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Volume 21, Issue 50 (December 15, 2019)

Summary of the Burleson-Pope Discussion on Institutionalism and Expediency
By David Halbrook

On November 15, 2019 in Dickson, Tennessee at Freed-Hardeman University’s Renaissance Center, Kyle Pope and Doug Burleson met for a public conversation. This was not formatted in the style of a typical debate, but instead like a living room meeting, where both sides could ask a question, receive an immediate answer, ask follow-up questions, and offer/request clarifications.

This summary of that discussion will naturally not include many points and counter-points. Please view the entire discussion online at the website of the Olsen Park church of Christ (http://olsenpark.com/Video/Burleson-Pope-Discussion.mp4).

Introduction (9:49)

Both men began by expressing appreciation for every effort involved in the process that produced this meeting. They also expressed mutual respect and desire for unity. Among his introductory remarks, Kyle commented that while we cannot ignore differences, our conduct in working through them must be “as brothers,” citing 2 Thessalonians 3:15. Doug stated that he received some negative feedback about this discussion, being urged in one email not to “tear down fences we built,” but he explained his desire for brethren to understand whether we must live in “parallel universes,” teaching and doing many of the same things but never together. Doug emphasized the importance of understanding whether this controversy and division are primarily due to modernization or the will of the Lord.

Individual Benevolence  (23:00)

Doug began by asking what kind of individual benevolent work is being done by non-institutional brethren. Kyle described how the needs of strangers who visit the assembly and request help are met. After some assessment of the request and need, various individuals volunteer to help. Also, Sacred Selections helps to meet the needs of orphans. Regarding the church’s work, Kyle contrasted Acts 11:28-30 and Philippians 4:14-16, showing churches relieving the benevolent needs of other churches by delivering funds to the hands of the elders while the needs of evangelists were met by sending funds to the evangelist, not to the elders. Doug then asked whether the practices of fasting, laying on of hands, confession of Christ in the water, and eating the Lord’s Supper in the evening are also binding or whether the principle of cultural context proves them to be permitted but not binding (Acts 13:3; 14:23; 8:35-39; 20:6).

Treasury  (31:25)

Doug then focused on the treasury, asking what passages govern its formation and use. Kyle submitted 1 Corinthians 16:2 as identifying one purpose for the funds collected on the first day of the week. He added 2 Corinthians 8:4; 1 Corinthians 9:1; and Romans 15:26 to identify the link between “fellowship” and the funds collected or distributed. Regarding the use of the funds, he pointed to the principle that any command that is given to the church authorizes the church to use funds for that purpose.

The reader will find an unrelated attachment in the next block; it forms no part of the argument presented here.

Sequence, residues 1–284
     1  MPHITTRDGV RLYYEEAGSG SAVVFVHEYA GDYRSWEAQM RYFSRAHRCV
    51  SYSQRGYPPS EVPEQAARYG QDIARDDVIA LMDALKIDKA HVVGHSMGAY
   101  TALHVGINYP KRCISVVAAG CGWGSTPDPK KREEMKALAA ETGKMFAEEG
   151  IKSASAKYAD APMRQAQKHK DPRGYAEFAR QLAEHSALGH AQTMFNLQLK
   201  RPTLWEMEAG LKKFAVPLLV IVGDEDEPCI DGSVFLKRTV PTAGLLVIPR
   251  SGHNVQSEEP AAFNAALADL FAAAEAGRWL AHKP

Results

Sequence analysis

Christians and Churches  (35:48)

Discussion of the treasury led to a more general discussion of “What defines the [local] church’s work?”. Doug expressed that the difference between Sacred Selections (SS), Florida College (FC), and Freed-Hardeman University (FHU) is “cloudy” because he saw no significance in “who” money is given through, as long as each church remains autonomous in its giving. Then he asked Kyle for an example of a missionary society. Kyle identified any institution that solicits money from churches as a missionary society, which also identified the primary distinction between SS, FC, and FHU.

After a brief question and answer regarding the principles involved in other divisions (no Bible class, “one cup,” etc.), Doug asked “Don’t y’all have institutions too?,” allowing Kyle to again clarify that they are all separated from the churches.

Principles of Benevolence (53:03)

Kyle asked Doug to define how authority is known in any matter. Doug pointed to Bible examples and declarative statements in the area of benevolence, starting with Galatians 6:10. He explained that the focus is on the saints but not to the exclusion of non-saints. He added that we must understand the historical context, theological context, literary context, genre, etc., as well as our “Post-Enlightenment” view of individualism, which was not shared in Galatia. While acknowledging that there are some things the corporate body can do that an individual cannot do, Doug said division on this topic not only involves authority but also is about 20th century Americanism, requiring us to consider Paul’s intent in what he wrote. Without these considerations, he believes we view our church buildings, money, and social activities in a way that is far more restrictive than Paul did. Based on their agreement that the distinction between the corporate body and the individual is not merely cultural, Kyle identified the failure to let Scripture define that difference as one of the causes of division.

This led to a more detailed discussion of Galatians 6:10. Doug asked several questions related to the culture and problems in Galatia prompting Paul to write to the churches. Kyle noted that the problems described affected many churches but some problems were individual (not congregational) in nature, such as the practice of circumcision.

Doug pointed to the way Paul addressed the Galatian saints in 6:1, 6, 9, and 11 as evidence of a congregational application of all that is said, including verse 10. Kyle said verse 10 could either be a statement identifying individual responsibility or was to be applied distributively, describing the general conduct of all Christians. I encourage you to view this section of the video.